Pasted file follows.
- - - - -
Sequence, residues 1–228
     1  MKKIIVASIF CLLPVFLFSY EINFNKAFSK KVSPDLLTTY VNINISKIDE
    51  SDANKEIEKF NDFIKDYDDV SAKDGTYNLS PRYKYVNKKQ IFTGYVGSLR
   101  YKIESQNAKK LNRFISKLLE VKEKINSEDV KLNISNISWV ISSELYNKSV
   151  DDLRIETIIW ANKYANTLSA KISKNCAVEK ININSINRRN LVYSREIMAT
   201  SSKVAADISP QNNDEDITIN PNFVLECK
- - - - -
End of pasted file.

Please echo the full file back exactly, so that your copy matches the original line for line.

Sequence, residues 1–228
     1  MKKIIVASIF CLLPVFLFSY EINFNKAFSK KVSPDLLTTY VNINISKIDE
    51  SDANKEIEKF NDFIKDYDDV SAKDGTYNLS PRYKYVNKKQ IFTGYVGSLR
   101  YKIESQNAKK LNRFISKLLE VKEKINSEDV KLNISNISWV ISSELYNKSV
   151  DDLRIETIIW ANKYANTLSA KISKNCAVEK ININSINRRN LVYSREIMAT
   201  SSKVAADISP QNNDEDITIN PNFVLECK